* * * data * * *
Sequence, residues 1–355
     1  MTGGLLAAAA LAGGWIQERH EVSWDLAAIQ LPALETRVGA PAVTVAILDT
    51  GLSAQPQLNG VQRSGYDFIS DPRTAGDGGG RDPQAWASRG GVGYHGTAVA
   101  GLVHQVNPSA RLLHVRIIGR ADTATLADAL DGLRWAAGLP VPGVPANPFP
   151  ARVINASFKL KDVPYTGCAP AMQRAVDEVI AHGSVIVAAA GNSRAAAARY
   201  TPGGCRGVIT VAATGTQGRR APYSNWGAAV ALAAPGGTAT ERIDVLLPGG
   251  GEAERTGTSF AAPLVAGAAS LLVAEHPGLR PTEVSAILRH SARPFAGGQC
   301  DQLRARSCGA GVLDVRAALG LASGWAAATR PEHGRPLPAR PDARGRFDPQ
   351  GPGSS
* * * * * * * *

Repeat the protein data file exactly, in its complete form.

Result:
Sequence, residues 1–355
     1  MTGGLLAAAA LAGGWIQERH EVSWDLAAIQ LPALETRVGA PAVTVAILDT
    51  GLSAQPQLNG VQRSGYDFIS DPRTAGDGGG RDPQAWASRG GVGYHGTAVA
   101  GLVHQVNPSA RLLHVRIIGR ADTATLADAL DGLRWAAGLP VPGVPANPFP
   151  ARVINASFKL KDVPYTGCAP AMQRAVDEVI AHGSVIVAAA GNSRAAAARY
   201  TPGGCRGVIT VAATGTQGRR APYSNWGAAV ALAAPGGTAT ERIDVLLPGG
   251  GEAERTGTSF AAPLVAGAAS LLVAEHPGLR PTEVSAILRH SARPFAGGQC
   301  DQLRARSCGA GVLDVRAALG LASGWAAATR PEHGRPLPAR PDARGRFDPQ
   351  GPGSS